If you are having a large scale restoration done, ask for a project plan and a budget. Lack of proper planning and budgeting is a recipe for disaster. If you were going to invest tens of thousands of dollars in a home reno, would you just put down the money with out seeing any sort of budget and plans?
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  #104  
Old November 12th, 2015, 08:50 AM
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Buyer beware is a very deep statement isn't it?

Due diligence is usually much more than checking the facts that you are aware of. It's also making sure you know the applicable facts to check. That's the hard part.

I've personally made more mistakes in this regard than I can count. But at the end of the day hopefully there are lessons learned and they can be applied to get you ahead of the game again.
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  #105  
Old November 12th, 2015, 09:23 AM
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Isn't there a happy middle, though?

I get trying to do work yourself. But that's not always realistic. Therefore a review system or a list or a section for register/comments would make sense.

I work in cancer. Obviously I would never tell someone to "do it yourself," no matter how skilled they are at other stuff. In cancer we are reviewed, scrutinized, analyzed ten ways 'til Sunday by patients, colleagues, nurses and reviewers. If we suck at what we do then patients go elsewhere and other doctors stop referring. Same goes for dozens of other professions, from plumbers to piano teachers.

Why can we not have something like that in our forum? Yes, i get that sometimes you'll do your own work. And that's great. But in those cases where you can't or don't want to do it yourself, wouldn't it be great to be able to determine who is good and not so good? Who is reasonably priced and who isn't? Who meet their timelines and who don't?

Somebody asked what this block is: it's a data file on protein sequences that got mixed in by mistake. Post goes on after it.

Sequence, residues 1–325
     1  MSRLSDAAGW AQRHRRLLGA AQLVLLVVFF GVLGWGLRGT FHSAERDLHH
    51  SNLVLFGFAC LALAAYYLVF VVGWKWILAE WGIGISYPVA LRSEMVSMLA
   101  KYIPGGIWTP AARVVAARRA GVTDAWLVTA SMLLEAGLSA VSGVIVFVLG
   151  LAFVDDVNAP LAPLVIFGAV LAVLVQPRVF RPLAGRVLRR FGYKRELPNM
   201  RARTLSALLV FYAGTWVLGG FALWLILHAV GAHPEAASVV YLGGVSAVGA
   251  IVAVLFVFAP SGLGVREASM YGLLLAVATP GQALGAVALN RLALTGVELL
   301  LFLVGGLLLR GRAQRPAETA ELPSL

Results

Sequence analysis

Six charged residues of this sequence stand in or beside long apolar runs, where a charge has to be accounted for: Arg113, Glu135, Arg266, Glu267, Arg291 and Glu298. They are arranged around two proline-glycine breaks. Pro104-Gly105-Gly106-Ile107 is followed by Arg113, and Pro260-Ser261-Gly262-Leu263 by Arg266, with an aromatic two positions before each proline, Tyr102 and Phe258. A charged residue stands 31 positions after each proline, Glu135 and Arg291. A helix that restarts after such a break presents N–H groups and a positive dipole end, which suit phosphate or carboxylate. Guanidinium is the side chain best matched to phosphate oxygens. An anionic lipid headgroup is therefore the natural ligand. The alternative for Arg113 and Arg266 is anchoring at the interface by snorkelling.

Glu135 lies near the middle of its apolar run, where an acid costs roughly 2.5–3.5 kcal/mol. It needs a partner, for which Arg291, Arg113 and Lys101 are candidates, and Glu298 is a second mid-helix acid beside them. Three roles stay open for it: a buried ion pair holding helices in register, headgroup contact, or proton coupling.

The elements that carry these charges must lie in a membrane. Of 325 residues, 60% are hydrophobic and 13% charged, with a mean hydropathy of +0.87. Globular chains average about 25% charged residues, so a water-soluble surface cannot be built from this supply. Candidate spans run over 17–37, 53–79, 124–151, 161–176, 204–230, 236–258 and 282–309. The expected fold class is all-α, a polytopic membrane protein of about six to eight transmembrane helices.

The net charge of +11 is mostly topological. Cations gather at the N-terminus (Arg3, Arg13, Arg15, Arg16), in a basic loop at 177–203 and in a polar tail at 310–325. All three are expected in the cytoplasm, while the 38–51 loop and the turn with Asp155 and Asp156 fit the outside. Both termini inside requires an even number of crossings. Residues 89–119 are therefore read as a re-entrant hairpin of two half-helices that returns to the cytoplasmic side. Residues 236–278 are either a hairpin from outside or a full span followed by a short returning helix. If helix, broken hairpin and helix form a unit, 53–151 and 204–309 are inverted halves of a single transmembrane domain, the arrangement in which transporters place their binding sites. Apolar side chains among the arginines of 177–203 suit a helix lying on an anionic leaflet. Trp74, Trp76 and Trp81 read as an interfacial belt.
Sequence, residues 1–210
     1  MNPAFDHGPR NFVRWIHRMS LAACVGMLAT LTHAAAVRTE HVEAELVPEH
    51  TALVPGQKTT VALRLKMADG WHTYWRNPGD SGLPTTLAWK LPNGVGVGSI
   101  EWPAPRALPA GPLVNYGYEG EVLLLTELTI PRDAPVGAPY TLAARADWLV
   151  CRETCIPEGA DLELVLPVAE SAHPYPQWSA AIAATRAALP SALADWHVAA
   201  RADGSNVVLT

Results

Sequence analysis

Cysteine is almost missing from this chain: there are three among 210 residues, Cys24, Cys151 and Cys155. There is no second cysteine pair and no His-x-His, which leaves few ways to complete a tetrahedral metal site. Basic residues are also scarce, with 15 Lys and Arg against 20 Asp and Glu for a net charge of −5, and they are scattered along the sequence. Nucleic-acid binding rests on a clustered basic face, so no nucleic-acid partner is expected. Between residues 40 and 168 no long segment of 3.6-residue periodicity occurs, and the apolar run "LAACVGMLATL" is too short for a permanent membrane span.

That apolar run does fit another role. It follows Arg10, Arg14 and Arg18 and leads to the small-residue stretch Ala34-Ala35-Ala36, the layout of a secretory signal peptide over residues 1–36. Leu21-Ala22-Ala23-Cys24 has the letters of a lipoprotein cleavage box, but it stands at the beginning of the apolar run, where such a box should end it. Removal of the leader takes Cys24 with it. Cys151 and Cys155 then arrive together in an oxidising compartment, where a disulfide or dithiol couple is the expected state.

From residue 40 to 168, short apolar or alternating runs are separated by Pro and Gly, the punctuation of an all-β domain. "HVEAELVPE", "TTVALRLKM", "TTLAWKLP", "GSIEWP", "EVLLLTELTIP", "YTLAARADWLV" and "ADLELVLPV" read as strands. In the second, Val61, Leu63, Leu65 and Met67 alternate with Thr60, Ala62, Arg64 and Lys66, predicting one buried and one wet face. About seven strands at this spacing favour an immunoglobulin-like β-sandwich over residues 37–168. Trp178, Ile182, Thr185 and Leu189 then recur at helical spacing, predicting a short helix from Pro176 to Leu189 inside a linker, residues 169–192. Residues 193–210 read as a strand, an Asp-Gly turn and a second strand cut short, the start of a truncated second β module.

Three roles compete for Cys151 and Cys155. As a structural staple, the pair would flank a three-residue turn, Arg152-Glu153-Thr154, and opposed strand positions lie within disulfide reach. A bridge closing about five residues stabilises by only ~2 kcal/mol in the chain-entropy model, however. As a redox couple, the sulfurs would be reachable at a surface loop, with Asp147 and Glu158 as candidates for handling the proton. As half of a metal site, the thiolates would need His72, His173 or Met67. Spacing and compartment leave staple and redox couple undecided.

I am curious, is there a cancer fan bandwagon? I am sure there are cancer forums, but do people who have never gotten treatment, or never personally known anyone who has, out there referring patients to specific doctors? Because that happens all the time here. That's OK with plumbers and piano tuners.




Maybe we need a series of youtube videos in the spirit of Spike TV's "To Catch a Contractor" show.
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  #106  
Old November 12th, 2015, 11:08 AM
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I am curious, is there a cancer fan bandwagon? I am sure there are cancer forums, but do people who have never gotten treatment, or never personally known anyone who has, out there referring patients to specific doctors? Because that happens all the time here. That's OK with plumbers and piano tuners.




Maybe we need a series of youtube videos in the spirit of Spike TV's "To Catch a Contractor" show.
There is definitively a cancer fan bandwagon. There are very famous oncologists and surgeons that get quoted and referred to even by people who have never had cancer and have never had a relative/close one treated. I guess it's human nature to try to help others even if it means stretching the extent of one's own knowledge.